The author investigates the relationship between the availability of public childcare for children under age three and the decision to have a first child. One would expect that childcare reconciles work and family and thus positively affects childbearing. However, existing research results on this relationship are inconsistent.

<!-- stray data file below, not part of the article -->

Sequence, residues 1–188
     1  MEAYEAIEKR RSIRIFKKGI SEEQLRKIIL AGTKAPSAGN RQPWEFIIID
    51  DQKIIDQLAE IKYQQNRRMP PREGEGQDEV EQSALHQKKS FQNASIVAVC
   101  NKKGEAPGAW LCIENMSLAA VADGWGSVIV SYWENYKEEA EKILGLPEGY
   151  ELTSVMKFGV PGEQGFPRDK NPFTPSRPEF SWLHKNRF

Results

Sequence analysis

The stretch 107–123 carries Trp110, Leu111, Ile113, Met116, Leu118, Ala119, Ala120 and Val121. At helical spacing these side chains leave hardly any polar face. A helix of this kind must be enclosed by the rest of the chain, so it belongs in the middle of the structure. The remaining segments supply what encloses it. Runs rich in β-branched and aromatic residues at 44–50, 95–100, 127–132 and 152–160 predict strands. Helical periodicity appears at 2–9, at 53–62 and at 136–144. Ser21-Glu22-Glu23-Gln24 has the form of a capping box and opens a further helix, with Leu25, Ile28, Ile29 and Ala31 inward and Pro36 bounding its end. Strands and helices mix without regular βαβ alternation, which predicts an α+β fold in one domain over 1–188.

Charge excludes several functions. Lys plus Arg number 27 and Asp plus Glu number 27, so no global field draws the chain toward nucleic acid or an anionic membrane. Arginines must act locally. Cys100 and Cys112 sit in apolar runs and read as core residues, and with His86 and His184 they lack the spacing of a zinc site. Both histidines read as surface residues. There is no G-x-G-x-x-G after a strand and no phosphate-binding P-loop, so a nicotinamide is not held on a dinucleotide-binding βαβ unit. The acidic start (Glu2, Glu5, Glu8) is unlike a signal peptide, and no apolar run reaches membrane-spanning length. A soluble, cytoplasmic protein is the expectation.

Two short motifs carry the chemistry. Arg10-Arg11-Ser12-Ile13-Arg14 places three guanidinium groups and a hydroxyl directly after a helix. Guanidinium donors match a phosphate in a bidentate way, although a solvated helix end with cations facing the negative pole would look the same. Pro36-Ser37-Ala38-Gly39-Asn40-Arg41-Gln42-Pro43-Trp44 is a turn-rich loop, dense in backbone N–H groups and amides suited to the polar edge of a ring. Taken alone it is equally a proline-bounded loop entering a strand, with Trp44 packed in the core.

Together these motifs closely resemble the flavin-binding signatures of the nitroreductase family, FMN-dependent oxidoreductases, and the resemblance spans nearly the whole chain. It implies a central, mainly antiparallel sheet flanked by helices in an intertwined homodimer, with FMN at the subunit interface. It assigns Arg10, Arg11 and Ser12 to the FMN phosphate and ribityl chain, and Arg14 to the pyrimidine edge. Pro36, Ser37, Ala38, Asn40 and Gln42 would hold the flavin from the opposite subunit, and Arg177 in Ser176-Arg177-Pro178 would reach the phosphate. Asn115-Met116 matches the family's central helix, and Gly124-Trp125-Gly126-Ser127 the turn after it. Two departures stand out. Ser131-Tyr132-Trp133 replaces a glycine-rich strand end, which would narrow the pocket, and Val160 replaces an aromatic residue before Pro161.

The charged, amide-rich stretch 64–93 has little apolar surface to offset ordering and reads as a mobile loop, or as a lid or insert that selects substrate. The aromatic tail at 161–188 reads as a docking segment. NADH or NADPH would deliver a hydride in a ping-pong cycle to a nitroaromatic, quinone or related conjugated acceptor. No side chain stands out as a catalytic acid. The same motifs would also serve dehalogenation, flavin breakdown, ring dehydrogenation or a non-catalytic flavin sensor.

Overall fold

Based on individual level datasets for Germany and Sweden, the author analyzes two research questions. First, she focuses on who makes use of public childcare for children under three years. Second, she assesses how childcare policies shape first birth decisions. The findings imply that the effects of public childcare services are not homogeneous across countries or socioeconomic groups.